in the formal obligations of Islam, malamatis like Bistami would incur the
criticism of those who judged them strictly from outward appearances. In
addition, those who practiced this way were especially critical of their own
egoism and pietism, finding that the existence of these traits, in themselves,
were blameworthy.

By extension, malamatis
avoided all forms of religious ostentation and displays of self-righteousness,
but, conversely, they never engaged in rebellion as a merely egocentric form of
assertion. If they appeared to be acting in unethical ways, it was in
order to instruct others in the deeper meaning of the Shari'a and its essential
ethics.

Those who most perfectly
incurred blame were those who relinquished outward appearances and focused
instead on a path of relentless self-inquiry (muhasibi). As noted by
Hamid Algar (one of the foremost authorities on the history of the
Naqshbandiyya), these attributes would also become associated with the
Khwajagan, who became identified as such by the twelfth century. This was long after the
death of the ninth-century Bistami, who was listed as one of their most
illustrious forbearers.

Trimingham summarizes: "The
true malamati conceal[ed] his progress in the spiritual life . . . [and he
aspired] to free himself from the world and its passions whilst living in the
world." While the malamatis were inwardly driven to eradicate all
traces of self-conceit they were compelled, above all, to eliminate the
hypocrisy inherent in having a separate sense of selfhood. Both Schimmel and
Trimingham claim that the malamatis stressed the ideal of ikhlas, "perfect
sincerity," as well as "the nothingness of men before God." According to Hamid
Algar, almost all of these traits could also be attributed to the Khwajagan.

Central to Qur'anic
teaching was the notion that Allah would forgive all but two sins: that of
associating any partners with himself (shirk) and that of hypocrisy (nifaq).
The malamati focused on eliminating the latter, especially when it was
disguised as false piety. This diminishment of shirk, self-idolatry, would then
lead to a greater proximity to God that, at times, would approach, but not
reach, complete unification.

Such states of unification,
however, were not to be expressed outwardly as endowing the mystic with a
special form of charisma. Abu ‘Abd al-Rahman Sulami (d. 1021) wrote that the
malamatiyya "consider it idolatrous to make a display of their acts of
devotion; to parade ecstasy is apostasy. . . . They believe that signs and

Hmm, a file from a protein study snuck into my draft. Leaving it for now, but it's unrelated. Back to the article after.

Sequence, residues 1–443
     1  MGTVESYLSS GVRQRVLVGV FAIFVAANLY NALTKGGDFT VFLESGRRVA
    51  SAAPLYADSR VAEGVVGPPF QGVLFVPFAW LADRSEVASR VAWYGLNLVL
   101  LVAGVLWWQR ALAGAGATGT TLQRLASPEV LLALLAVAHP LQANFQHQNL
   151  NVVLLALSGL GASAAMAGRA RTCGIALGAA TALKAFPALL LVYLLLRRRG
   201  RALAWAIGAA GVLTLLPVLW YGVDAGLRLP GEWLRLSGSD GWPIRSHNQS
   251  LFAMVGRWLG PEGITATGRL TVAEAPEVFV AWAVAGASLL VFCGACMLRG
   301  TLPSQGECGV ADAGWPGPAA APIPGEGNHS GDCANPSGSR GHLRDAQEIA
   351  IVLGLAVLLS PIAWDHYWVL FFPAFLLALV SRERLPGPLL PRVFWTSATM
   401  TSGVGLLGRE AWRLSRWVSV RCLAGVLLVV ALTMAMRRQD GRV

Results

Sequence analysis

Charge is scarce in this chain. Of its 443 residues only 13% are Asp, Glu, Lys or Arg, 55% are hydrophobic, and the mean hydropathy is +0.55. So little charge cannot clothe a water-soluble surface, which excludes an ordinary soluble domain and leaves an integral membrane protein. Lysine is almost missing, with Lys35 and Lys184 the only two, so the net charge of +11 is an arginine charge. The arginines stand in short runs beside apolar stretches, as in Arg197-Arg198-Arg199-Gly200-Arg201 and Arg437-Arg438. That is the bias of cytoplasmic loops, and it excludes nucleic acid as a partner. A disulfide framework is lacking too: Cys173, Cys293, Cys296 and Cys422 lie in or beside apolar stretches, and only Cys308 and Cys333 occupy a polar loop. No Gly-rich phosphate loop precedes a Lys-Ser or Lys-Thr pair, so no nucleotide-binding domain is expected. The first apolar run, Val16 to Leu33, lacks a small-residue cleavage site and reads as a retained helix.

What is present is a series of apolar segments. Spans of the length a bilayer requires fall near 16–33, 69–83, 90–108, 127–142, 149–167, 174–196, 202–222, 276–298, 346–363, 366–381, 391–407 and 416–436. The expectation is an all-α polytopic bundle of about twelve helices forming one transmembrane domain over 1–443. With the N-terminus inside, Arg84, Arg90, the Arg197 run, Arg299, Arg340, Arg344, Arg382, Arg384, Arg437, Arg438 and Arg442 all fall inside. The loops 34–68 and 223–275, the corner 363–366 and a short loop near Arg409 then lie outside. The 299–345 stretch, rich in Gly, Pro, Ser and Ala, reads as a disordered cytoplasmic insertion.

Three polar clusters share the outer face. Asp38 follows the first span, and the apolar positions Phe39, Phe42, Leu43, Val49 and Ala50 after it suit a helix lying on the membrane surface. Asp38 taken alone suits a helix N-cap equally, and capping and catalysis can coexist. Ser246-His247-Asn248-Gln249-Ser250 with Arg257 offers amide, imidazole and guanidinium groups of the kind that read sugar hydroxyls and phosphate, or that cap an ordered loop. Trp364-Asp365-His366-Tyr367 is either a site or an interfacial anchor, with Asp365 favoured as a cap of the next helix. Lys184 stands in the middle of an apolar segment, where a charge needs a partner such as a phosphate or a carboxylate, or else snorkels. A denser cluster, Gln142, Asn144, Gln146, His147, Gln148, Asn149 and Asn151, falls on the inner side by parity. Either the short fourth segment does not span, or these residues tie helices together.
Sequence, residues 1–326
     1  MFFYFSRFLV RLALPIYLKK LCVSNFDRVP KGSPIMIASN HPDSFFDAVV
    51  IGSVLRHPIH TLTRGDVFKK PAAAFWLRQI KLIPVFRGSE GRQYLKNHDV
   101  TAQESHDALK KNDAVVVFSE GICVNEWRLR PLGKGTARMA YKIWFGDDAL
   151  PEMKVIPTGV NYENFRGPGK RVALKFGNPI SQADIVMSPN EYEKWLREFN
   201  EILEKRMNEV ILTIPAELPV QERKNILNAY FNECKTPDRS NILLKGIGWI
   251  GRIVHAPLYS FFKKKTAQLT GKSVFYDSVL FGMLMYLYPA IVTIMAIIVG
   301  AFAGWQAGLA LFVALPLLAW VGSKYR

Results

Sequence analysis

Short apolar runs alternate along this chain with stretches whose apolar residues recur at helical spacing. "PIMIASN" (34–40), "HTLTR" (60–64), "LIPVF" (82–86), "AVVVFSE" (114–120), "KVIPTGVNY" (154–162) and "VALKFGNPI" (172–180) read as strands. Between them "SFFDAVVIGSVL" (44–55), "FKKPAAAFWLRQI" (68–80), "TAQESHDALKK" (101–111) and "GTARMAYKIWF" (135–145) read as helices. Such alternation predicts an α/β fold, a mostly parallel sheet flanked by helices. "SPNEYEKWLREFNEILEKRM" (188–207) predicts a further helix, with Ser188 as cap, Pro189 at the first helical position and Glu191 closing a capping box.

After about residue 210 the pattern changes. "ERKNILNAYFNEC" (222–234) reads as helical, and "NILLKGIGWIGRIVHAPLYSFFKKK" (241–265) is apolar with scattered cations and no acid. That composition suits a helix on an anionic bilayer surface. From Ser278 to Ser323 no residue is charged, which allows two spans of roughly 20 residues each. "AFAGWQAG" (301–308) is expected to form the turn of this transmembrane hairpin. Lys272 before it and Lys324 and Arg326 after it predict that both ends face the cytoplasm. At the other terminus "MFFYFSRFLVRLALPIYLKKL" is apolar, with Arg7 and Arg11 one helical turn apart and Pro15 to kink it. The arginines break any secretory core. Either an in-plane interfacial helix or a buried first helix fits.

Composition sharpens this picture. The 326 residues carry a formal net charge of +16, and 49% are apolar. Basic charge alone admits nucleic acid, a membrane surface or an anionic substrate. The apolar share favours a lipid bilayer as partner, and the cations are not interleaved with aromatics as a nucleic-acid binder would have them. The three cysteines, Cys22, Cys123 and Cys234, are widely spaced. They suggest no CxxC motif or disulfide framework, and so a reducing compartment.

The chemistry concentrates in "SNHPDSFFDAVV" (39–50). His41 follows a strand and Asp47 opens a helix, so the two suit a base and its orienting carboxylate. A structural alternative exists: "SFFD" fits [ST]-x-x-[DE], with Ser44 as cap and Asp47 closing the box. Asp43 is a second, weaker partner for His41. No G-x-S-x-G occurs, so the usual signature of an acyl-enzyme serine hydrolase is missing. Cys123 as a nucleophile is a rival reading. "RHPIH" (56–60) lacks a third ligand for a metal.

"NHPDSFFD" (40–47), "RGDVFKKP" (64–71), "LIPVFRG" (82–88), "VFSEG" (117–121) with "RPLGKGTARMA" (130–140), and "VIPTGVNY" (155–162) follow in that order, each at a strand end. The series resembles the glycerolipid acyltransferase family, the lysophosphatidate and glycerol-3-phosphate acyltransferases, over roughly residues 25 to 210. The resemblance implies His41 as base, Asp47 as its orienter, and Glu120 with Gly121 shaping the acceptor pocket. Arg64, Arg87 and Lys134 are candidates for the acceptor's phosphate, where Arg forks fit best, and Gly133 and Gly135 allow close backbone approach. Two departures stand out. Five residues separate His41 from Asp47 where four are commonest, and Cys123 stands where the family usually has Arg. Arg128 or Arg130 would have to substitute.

wonders should not be divulged; [instead] they are to be looked upon as
possible traps."

A precedent was found in
the Prophet Muhammad, who indicated that the most pernicious form of idolatry
was the worship of one's self. Sufis of all forms were concerned with the
eradication of self-conceit, but the malamatiyya, in particular, became
renowned for accenting the efficacy of "blame," or relentless self-inquiry, in
eradicating all vestiges of egoism. Such inquiry often exposed the subtler form
of narcissism that attached itself to formalistic religious observances,
including those of the Sufis.

It is important to note
that while the way of blame was generally understood to be a form of spiritual
disposition or temperament (mashrab), it also became known as an
organized school of mystics. In Nishapur, the capital of Khurasan, a particular
group beginning with Hamdun al-Qassar (d. 883/4) began to define its salient
characteristics. "Hamdun al-Qassar was once asked 'What is the Path of Blame?' 'It is to abandon in every situation the desire to smarten up in front of
people,' he said, 'to renounce in all one's states and actions the need to
please people, and to be at all times beyond blame in fulfilling one's duties
to God.'" Here, we find one of the basics of the malamati way: to be
continuously mindful of God while forgoing one's attachment to praise or blame.
But there are other equally important aspects.

Abu Uthman al-Hiri, another
renowned Khurasanian malamati stressed, "No action or state can become perfect
unless God brings it about without any wish on the doer's part and without any
awareness of the doing of the action, and without awareness of another's awareness
of the doing of the action." Herein, Abu Uthman
emphasized the importance of self-abandonment in a single-minded devotion that
leads to a closer proximity to God.

Above all, according to
Schimmel, the original malamatis sought to overcome all vestiges of
self-division or hypocrisy through an applied psychology which could be termed
a "science of the self" (al-ilm bi'l-nafs). This spiritual approach,
as we shall see, would later lead to a more thoroughgoing psychology of states
(ahwal) and stations (maqamat).

Trimingham notes that
members of the school of Nishapur exhibited the following characteristics: they
rejected all outward show of ritual piety; they worked for their living instead
of accepting alms; they wore no distinctive robes that would set them apart
from others; they did not submit entirely to spiritual masters, although they
did seek guidance; they also did not profess speculative theories of mysticism,
but strived, instead, to eradicate all aspects of limiting self-consciousness;
and, finally, they sought to live in the world while pursuing the mystical path
with the least degree of notability.

As part of their practice,
and in order to disguise their interior pursuits, most malamatis — as well as the
later Khwajagan — belonged to guilds (akhiyya). Sviri notes that "many of
the malamati teachers and disciples bore epithets indicating crafts and
professions." Thus, rather than secreting themselves away in retreat, the